Unconscious Bias – knowing isn’t enough

stilleto heel

Unconscious bias is a snap decision based on instinct – it takes 30 milliseconds to make a decision based on someone and this has a huge influence on how we respond to people.

We categorise people based on past experiences with similar groups and we use these categories to prejudge people. 

Our biases are formed by what we have seen, heard and absorbed throughout our lives, influenced by strong role models. 

Unconscious bias affects many people in all ways, across all walks of life, but this blog is going to focus on the unconscious bias that still exists against 50% of the population – women.   

Oh, no I hear you groan, not that topic again, well yes, that topic again, because whilst some progress has been made, it’s snail pace and quite frankly not good enough and sometimes we don’t help ourselves, but more about that later.

Feminism has not been around that long.   It’s easy to forget that the contraceptive pill was only available to women through the NHS in 1960.  This was a step change in society, giving women freedom to choose when to marry, to have children (or not) access further education and to be able to plan a career.  

In 1960, 38% of women were in the workforce.   But how much progress have women made in the equality stakes since then?   Well here’s some facts taken from the BITC Opportunity Now report:

  • 47% of the UK workforce are women
  • 4% is the median full time pay gap between men and women.
  • For every £1 earned by a man a woman earns 81p.
  • 1 in 10 women have experienced sexual harassment in the workplace.
  • There are 2.11 million men and 5.85 million women in part-time employment.
  • 69% of women say society expects women to put family before their career.

And with the recent news reports of women facing sexist dress codes at work, it may look like we’re going backwards.

So, what can we do about it?   

There has been a huge investment by businesses educating employees on the matter of  unconscious bias and making diversity and inclusion a key part of their employer value proposition.   But education isn’t enough.    Recent research conduction by Melisa Thomas-Hunt and Santos Carlos shows that it can have the opposite effect.

In their experiments, they told some people that stereotyping was rare and told others it was common.

Afterwards, they asked for the participant’s opinion of women.

Those told stereotyping was common, rated women as less career-oriented and more family-oriented.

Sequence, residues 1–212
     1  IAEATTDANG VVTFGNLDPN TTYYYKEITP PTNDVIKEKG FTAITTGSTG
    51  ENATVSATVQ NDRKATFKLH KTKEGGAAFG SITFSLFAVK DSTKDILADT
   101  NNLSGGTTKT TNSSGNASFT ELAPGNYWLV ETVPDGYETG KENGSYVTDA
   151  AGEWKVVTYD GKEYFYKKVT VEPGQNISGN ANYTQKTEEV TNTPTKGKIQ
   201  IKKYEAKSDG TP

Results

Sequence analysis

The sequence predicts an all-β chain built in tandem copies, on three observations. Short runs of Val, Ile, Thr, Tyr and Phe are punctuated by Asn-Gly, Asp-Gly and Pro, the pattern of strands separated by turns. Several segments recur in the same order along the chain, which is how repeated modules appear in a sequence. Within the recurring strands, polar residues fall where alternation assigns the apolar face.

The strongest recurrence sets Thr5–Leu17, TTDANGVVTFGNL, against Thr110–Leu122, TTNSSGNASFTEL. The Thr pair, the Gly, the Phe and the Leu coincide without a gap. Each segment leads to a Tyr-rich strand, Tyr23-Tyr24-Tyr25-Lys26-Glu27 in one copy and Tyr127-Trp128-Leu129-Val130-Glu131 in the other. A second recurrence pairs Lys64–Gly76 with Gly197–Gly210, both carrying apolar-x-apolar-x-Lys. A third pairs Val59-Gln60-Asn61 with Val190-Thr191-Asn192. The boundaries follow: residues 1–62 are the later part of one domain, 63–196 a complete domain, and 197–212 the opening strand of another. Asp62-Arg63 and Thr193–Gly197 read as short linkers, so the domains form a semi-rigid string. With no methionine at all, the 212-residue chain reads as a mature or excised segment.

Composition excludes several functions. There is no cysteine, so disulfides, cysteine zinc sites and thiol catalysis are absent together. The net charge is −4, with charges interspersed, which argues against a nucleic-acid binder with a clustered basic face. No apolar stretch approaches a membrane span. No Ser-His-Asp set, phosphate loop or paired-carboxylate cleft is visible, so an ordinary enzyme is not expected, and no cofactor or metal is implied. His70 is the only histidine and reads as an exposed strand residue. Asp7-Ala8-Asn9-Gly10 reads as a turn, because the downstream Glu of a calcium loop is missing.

There is no silver bullet to reduce unconscious or conscious biases in our workplace.    Legislation has removed the legal inequalities but the cultural journey is harder to tackle and more complex.  But there are things that we,  women  across the world can do for ourselves and each other, which when added together may make some cultural changes :

  • We can stop discounting ourselves as candidates for more challenging roles or promotion. Most women will only apply for a role if we meet 100% of the criteria.      Men will apply for a more challenging role if they meet 60% of the criteria!
  • We can start to rewrite our limiting beliefs, stop the negative, damaging self-talk and replace it with positive talk about our strengths and achievements following these simple 5 steps:
  1. Identify what triggers your limiting beliefs
  2. Articulate how they make you feel and the consequence of harbouring these limiting beliefs
  3. Dispute your limiting beliefs, how do you know this to be true?
  4. Take positive steps to rewrite your story…..;.
  5. Be more self-aware, identify your strengths and motivational drivers. (profiling tools such as Strengthsfinder, Realise 2 or Predictive Indicator) are very helpful)
  • We should accept and cherish compliments, don’t brush them aside, reduce them or apologise for doing something well or looking great.

 

  • We should work as a community and support each other. The women’s march on the 21st January was a great show of solidarity with an estimated 2 million women (and men) turning out across the globe after the inauguration of President Trump.
  • We need to find  solid role models and if you can’t find one then create your own vision of great authentic leadership.
  • We should form a posse, a group of like-minded women and celebrate each other’s successes, this softens self-promoting behaviour and amplifies our strengths.
  • We need to get our voices heard,  by working with other women in our organisations to amplify each other’s ideas or key points, whilst giving the author credit.

We have all felt the impact of  unconscious or conscious bias at some point in time and we know it is damaging, it limits creativity, diversity and reduces balance in our society.   If you need any  support in  your own personal effectiveness or if your business  needs  a creative approach to  unconscious bias, then get in touch, we’d love to work with you.